Computing : a concise history

  • MIT Press Ebooks Library
Other titles
  • Computing : a concise history
  • Cambridge, Massachusetts : MIT Press c2012
Physical description
1 online resource (216 p.)
  • 1-280-77775-3
  • 9786613688149
  • 0-262-31038-4
  • Bibliographic Level Mode of Issuance: Monograph
  • Includes bibliographical references and index.
  • Service provider: IEEE
  • Other format: Also available in print.
  • Reproduction available: Electronic resource. Piscataway : Institute of Electrical and Electronics Engineers, 2013.
  • Mode of access: World Wide Web
  • English
  • Do not share to NBK CAT
  • IEEE Xplore eBook
  • Description based on PDF viewed 12/23/2015.
  • The digital age -- The first computers, 1935-1945 -- The stored program principle -- The chip and Silicon Valley -- The microprocessor -- The Internet and the World Wide Web.
Other names
Related item
  • Other format: ; ISBN: 0-262-51767-1
  • Electronic books.
  • History.
  • text
  • English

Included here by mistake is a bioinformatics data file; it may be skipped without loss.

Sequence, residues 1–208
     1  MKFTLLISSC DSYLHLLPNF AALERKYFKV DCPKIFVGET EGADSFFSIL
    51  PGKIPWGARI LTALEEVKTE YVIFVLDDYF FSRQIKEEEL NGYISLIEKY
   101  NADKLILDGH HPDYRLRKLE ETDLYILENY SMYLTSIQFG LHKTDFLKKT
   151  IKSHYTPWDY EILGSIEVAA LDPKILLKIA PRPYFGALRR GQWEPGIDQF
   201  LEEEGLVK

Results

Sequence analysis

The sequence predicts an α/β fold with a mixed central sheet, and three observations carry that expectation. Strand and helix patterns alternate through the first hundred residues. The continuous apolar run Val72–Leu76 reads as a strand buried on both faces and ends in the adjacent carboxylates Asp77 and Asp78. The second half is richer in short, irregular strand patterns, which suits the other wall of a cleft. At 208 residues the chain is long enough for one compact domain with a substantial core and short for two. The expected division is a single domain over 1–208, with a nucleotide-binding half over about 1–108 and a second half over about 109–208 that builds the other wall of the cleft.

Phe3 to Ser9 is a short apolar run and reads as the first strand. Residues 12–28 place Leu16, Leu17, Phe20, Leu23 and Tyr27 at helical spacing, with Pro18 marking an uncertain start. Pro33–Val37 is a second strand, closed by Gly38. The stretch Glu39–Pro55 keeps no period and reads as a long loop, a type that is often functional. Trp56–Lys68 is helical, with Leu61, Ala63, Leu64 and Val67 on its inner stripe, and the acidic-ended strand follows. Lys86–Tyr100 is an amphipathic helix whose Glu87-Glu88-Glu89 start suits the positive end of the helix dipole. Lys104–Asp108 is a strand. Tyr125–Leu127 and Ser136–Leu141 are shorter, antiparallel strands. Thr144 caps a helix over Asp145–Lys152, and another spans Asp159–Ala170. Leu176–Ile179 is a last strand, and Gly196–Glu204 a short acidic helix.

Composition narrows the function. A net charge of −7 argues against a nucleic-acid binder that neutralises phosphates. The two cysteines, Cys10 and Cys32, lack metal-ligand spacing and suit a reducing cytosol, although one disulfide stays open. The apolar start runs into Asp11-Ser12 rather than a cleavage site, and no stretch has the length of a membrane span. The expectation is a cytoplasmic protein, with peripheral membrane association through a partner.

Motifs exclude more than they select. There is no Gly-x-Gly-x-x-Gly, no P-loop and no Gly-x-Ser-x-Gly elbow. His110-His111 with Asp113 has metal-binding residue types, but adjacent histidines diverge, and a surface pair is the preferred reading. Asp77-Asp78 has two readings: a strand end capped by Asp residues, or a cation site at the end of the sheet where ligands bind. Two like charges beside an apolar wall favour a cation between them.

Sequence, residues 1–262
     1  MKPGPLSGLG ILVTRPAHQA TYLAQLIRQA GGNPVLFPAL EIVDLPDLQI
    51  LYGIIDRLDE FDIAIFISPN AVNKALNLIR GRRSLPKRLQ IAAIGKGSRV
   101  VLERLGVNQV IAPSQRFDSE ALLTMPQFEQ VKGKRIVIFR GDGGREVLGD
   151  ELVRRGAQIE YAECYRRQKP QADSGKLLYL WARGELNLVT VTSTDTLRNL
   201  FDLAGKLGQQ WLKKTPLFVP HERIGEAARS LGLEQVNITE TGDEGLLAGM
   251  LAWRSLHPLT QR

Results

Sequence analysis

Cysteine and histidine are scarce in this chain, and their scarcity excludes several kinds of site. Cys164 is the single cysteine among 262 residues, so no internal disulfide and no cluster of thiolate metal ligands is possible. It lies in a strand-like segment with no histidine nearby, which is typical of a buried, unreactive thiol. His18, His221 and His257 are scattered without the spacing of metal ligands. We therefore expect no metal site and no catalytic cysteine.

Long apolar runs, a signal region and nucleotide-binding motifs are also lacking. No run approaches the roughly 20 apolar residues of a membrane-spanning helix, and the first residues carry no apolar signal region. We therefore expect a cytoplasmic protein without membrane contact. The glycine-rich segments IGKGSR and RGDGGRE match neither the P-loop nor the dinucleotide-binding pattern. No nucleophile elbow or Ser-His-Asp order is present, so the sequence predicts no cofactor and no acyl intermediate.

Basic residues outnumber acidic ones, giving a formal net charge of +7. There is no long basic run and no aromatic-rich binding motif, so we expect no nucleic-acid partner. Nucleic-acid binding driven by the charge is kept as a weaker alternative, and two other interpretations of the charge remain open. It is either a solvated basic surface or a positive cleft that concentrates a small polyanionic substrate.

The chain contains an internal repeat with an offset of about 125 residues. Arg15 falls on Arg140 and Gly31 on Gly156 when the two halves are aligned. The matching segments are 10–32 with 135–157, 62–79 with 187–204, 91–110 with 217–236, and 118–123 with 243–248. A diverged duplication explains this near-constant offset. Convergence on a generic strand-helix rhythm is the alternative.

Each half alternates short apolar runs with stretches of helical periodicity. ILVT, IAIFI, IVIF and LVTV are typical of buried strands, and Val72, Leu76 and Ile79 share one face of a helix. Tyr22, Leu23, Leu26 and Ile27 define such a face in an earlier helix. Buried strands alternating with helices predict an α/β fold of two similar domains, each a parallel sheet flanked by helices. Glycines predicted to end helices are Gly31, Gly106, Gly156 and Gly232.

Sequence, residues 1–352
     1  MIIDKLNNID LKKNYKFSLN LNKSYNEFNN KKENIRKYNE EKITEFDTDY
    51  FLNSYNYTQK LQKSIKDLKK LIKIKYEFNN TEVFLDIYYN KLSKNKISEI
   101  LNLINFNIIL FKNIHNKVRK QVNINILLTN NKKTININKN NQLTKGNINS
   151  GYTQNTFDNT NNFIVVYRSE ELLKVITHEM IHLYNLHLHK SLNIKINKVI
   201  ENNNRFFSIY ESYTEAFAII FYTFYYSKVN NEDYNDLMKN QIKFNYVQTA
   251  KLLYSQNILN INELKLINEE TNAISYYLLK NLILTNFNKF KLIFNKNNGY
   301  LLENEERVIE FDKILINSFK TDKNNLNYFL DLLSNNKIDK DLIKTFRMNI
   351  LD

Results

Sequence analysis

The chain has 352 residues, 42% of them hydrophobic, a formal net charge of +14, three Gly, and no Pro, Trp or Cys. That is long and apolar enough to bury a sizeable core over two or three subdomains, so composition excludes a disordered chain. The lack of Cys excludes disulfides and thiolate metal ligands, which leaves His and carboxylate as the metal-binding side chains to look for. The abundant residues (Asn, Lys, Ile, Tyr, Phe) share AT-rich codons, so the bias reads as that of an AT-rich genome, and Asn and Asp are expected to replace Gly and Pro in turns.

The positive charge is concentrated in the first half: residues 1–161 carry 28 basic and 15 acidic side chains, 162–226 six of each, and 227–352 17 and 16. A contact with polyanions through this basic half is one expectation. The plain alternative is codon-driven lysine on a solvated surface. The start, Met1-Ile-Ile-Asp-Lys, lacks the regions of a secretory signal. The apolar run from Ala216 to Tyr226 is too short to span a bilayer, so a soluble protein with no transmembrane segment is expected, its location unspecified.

• The history of computing could be told as the story of hardware and software, or the story of the Internet, or the story of "smart" hand-held devices, with subplots involving IBM, Microsoft, Apple, Facebook, and Twitter. In this concise and accessible account of the invention and development of digital technology, computer historian Paul Ceruzzi offers a broader and more useful perspective. He identifies four major threads that run throughout all of computing's technological development: digitization--the coding of information, computation, and control in binary form, ones and zeros; the convergence of multiple streams of techniques, devices, and machines, yielding more than the sum of their parts; the steady advance of electronic technology, as characterized famously by "Moore's Law"; and the human-machine interface. Ceruzzi guides us through computing history, telling how a Bell Labs mathematician coined the word "digital" in 1942 (to describe a high-speed method of calculating used in anti-aircraft devices), and recounting the development of the punch card (for use in the 1890 U.S. Census). He describes the ENIAC, built for scientific and military applications; the UNIVAC, the first general purpose computer; and ARPANET, the Internet's precursor. Ceruzzi's account traces the world-changing evolution of the computer from a room-size ensemble of machinery to a "minicomputer" to a desktop computer to a pocket-sized smart phone. He describes the development of the silicon chip, which could store ever-increasing amounts of data and enabled ever-decreasing device size. He visits that hotbed of innovation, Silicon Valley, and brings the story up to the present with the Internet, the World Wide Web, and social networking.